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Corpus Christi History by Murphy Givens

Corpus Christi History is published Wednesdays. Murphy Givens also sits on the Caller-Times editorial board and can be contacted at

Wednesday, June 30, 1999

Corpus Christi's street names

   Last week I wrote about the origins of some of Corpus Christi street names. Many of the downtown streets were named by the city's founder, H.L. Kinney, who laid them out in 1852, the same year he held the Lone Star Fair in Corpus Christi.
   Kinney liked animal names, in Spanish and English. Some of the first streets he named were Leopard, Buffalo, Antelope, Lobo (wolf), Zorro (fox), Oso (bear), Mestina (mustang). There used to a Tiger Street, which intersected with Leopard on the bluff, but it was later changed to North Broadway. Kinney named streets after Texas Indian tribes - Carancahua, Tancahua, Comanche, Lipan, Waco, and even a Midwestern tribe, Winnebago.
   He named a street after a longtime friend who had served him as a spy during the Mexican War - Chipito Sandoval. There is a note in the diary of Ethan Allen Hitchcock, Zachary Taylor's chief of staff, about Chipito. "C.C., 7th Sept., 1845: Yesterday I called on Colonel Kinney with General Taylor, and as I left them I met Chepeta, Kinney's spy, just in from the Rio Grande. He has heard that 3,000 Mexican troops are approaching Matamoros - will reach there in a week.''
   After the Kinney street-naming era, officials began naming streets after mayors and prominent businessmen. There was Neal Street, named for the city's first mayor, Benjamin F. Neal, who later served as a Confederate officer during the Civil War.
   Doddridge Street was named for Perry Doddridge, the city's first banker and a former mayor. He was the first popularly elected mayor after the Civil War. Staples Street is named for W.N. Staples, who owned a grocery store on Chaparral and was also a co-owner of the big beef packing house on the island at Packery Channel. (There was another large packing house on North Beach - Hall's Packery.) In the 1870s, Staples sold his store and moved to Alice.
   Staples south of Six Points, past the outskirts of town, was once called Dump Road. This name is connected to the Ropes Boom. In 1889 and 1890, Col. E.H. Ropes - a developer and self-described "medium of unlimited capital'' - came to Corpus Christi with ambitious plans. Among his many enterprises, he planned to build a railroad to South America, the Corpus Christi and South American Railway Co. The beginning of that rail line was an embankment where ties and other equipment were dumped - hence, Dump Road. The name was changed to South Staples. Santa Fe Street was originally called Alta Vista Road, named for Ropes' 125-room hotel on Ocean Drive, the Alta Vista.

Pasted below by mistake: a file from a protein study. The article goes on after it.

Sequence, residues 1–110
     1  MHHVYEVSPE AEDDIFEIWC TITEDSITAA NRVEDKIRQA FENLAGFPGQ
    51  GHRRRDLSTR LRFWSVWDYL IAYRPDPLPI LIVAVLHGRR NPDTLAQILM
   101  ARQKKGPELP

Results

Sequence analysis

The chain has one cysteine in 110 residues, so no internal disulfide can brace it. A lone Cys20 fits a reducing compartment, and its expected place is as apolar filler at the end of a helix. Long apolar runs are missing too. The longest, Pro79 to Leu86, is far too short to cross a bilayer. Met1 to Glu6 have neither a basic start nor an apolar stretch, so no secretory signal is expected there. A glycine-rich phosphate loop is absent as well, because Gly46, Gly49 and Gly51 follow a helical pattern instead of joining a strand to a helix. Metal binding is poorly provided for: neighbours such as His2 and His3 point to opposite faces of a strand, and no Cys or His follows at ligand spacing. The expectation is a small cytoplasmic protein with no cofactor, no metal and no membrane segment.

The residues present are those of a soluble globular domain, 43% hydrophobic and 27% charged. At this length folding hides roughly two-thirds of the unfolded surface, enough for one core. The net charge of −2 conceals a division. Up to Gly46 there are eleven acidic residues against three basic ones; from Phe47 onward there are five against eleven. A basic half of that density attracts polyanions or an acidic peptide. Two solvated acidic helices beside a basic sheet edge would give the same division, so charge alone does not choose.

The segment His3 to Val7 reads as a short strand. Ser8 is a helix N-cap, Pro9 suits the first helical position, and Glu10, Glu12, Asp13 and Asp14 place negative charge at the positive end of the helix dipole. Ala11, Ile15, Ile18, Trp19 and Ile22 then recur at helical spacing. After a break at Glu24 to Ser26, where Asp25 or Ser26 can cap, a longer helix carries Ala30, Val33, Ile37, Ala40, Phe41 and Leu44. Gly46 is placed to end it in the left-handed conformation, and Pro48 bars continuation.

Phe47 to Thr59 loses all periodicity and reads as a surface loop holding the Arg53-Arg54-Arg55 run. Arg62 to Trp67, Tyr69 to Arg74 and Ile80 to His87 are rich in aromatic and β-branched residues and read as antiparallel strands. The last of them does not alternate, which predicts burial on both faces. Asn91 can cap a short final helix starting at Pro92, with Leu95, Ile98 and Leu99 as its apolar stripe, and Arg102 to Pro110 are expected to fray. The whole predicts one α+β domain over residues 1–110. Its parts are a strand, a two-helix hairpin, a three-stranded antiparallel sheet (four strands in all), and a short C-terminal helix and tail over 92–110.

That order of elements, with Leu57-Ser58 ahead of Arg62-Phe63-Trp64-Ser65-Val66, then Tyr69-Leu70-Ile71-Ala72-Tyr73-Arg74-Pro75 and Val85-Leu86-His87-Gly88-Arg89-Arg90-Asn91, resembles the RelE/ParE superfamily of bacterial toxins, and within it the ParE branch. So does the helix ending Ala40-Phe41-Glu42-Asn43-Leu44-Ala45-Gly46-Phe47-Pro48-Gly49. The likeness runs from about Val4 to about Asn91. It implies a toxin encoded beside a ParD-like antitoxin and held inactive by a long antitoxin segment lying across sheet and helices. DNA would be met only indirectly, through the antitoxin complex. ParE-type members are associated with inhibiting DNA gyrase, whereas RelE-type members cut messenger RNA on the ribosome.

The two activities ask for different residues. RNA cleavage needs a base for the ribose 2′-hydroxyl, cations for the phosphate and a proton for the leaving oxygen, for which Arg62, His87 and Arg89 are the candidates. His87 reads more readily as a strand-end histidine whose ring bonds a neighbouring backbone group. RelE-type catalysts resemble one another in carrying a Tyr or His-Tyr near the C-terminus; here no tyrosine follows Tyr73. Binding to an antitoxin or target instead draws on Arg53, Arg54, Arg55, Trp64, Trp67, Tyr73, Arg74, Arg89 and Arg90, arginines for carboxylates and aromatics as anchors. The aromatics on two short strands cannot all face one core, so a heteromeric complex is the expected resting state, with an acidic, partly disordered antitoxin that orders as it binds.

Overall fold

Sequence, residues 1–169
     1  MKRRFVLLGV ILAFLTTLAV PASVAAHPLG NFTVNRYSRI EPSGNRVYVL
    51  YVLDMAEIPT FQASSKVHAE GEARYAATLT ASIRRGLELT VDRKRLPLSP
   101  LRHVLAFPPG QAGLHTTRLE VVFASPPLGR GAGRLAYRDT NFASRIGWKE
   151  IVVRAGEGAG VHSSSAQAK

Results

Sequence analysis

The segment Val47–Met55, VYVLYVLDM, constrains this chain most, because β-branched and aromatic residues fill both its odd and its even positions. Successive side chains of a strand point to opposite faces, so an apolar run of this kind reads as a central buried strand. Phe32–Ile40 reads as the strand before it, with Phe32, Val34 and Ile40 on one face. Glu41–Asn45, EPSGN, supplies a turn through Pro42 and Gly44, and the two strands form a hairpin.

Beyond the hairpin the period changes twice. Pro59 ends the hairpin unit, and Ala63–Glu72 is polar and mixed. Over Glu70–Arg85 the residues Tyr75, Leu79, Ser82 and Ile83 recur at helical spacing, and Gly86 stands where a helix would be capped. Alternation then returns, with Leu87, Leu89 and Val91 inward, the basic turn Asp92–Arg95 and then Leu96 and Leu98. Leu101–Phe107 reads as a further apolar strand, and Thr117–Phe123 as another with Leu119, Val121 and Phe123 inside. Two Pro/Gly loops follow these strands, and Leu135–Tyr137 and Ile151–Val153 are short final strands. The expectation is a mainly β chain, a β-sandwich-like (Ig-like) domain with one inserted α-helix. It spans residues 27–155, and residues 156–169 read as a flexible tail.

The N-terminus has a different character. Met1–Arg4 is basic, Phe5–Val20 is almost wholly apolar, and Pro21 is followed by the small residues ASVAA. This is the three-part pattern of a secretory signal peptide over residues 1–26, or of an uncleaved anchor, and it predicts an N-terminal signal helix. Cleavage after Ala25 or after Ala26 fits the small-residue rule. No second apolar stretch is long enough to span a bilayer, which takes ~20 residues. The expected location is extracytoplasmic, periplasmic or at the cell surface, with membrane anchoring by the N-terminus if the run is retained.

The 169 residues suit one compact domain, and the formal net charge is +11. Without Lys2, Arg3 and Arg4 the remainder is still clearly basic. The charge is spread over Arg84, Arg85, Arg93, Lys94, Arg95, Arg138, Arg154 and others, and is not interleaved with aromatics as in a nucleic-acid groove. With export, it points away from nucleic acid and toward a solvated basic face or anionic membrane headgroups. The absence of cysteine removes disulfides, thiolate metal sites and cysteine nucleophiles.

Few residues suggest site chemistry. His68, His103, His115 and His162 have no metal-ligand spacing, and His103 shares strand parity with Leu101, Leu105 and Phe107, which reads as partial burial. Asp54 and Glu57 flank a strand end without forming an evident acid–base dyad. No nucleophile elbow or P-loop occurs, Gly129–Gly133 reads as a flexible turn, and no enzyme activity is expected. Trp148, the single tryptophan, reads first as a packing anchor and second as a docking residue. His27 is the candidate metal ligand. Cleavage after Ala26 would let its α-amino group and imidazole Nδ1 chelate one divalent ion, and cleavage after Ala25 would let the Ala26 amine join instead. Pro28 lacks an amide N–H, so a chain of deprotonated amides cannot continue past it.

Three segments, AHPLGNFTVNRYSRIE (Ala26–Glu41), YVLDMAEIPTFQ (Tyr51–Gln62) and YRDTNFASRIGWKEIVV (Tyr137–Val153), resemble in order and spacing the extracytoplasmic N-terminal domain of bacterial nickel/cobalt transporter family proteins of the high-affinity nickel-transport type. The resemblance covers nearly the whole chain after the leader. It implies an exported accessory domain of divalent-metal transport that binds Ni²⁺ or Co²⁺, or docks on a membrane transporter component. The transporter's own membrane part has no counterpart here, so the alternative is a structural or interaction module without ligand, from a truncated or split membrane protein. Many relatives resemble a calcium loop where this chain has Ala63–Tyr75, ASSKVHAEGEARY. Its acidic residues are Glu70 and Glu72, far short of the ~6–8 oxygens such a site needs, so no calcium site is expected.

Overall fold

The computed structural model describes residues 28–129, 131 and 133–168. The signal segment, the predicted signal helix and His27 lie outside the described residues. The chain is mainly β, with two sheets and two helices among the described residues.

Alameda was once called Last Street.
   Some street names were changed and later changed back. In 1912, the City Council changed Tancahua to Pleasant Street and Carancahua to Liberty Street. A year later, the council changed the names back.
   Greenwood Drive was once Rabbit Run Road. Some believe Rabbit Run got its name from the era when trolleys operated several lines, or "runs.'' There was a North Beach Run and a Camp Scurry Run. Rabbit Run was located in the area past Morgan, South Port and Segrest where, I guess, there was mostly brush and rabbits. I'm not sure there was a streetcar line out there. The name was changed in the 1960s.
   There was long a debate about where Shell Road (now UpRiver Road) got its name. It was thought for many years that it was named after World War I soldiers stationed at Camp Scurry were enlisted to spread oyster shell on the road in 1916 or 1917. But the name goes back further than that, as historican Bill Walraven discovered.
   Walraven found an item in the Corpus Christi Star, in 1848, written by John H. Peoples (for whom Peoples Street is named). Peoples wrote that one of the most beautiful drives around could be found "by going up the beach to the old headquarters of General Twiggs, turning at the Rincon, and coming down midway between the hills and the beach. The road, though a natural one, is a little raised above the general surface by a bed of shells and gravel . . . It richly pays to drive over it and view the beautiful bay on the one side and the green hills on the other. The road from New Orleans to the lake cannot compare with it.''
   Several street names were changed to accommodate our high schools, such as Battlin' Buc Boulevard, which had been Fisher Street. I used to think we could "blame" (or "credit,'' if you prefer) Ray High School for starting the trend. Ray boosters lobbied the City Council to change Minnesota Street to Texan Trail in 1970. But other schools were first, starting with Tiger Lane for Carroll, Mustang Drive for King, Trojan Drive for Moody and Bear Lane for West Oso.
   South Padre Island Drive (a name that makes no sense) originally was Lexington, to go with Saratoga and Yorktown. It would have made more sense to call it Padre Island Drive, but then we would have PID instead of SPID.
   (Murphy Givens can be reached by e-mail at or by phone at 886-4315. His previous columns can be found on-line at


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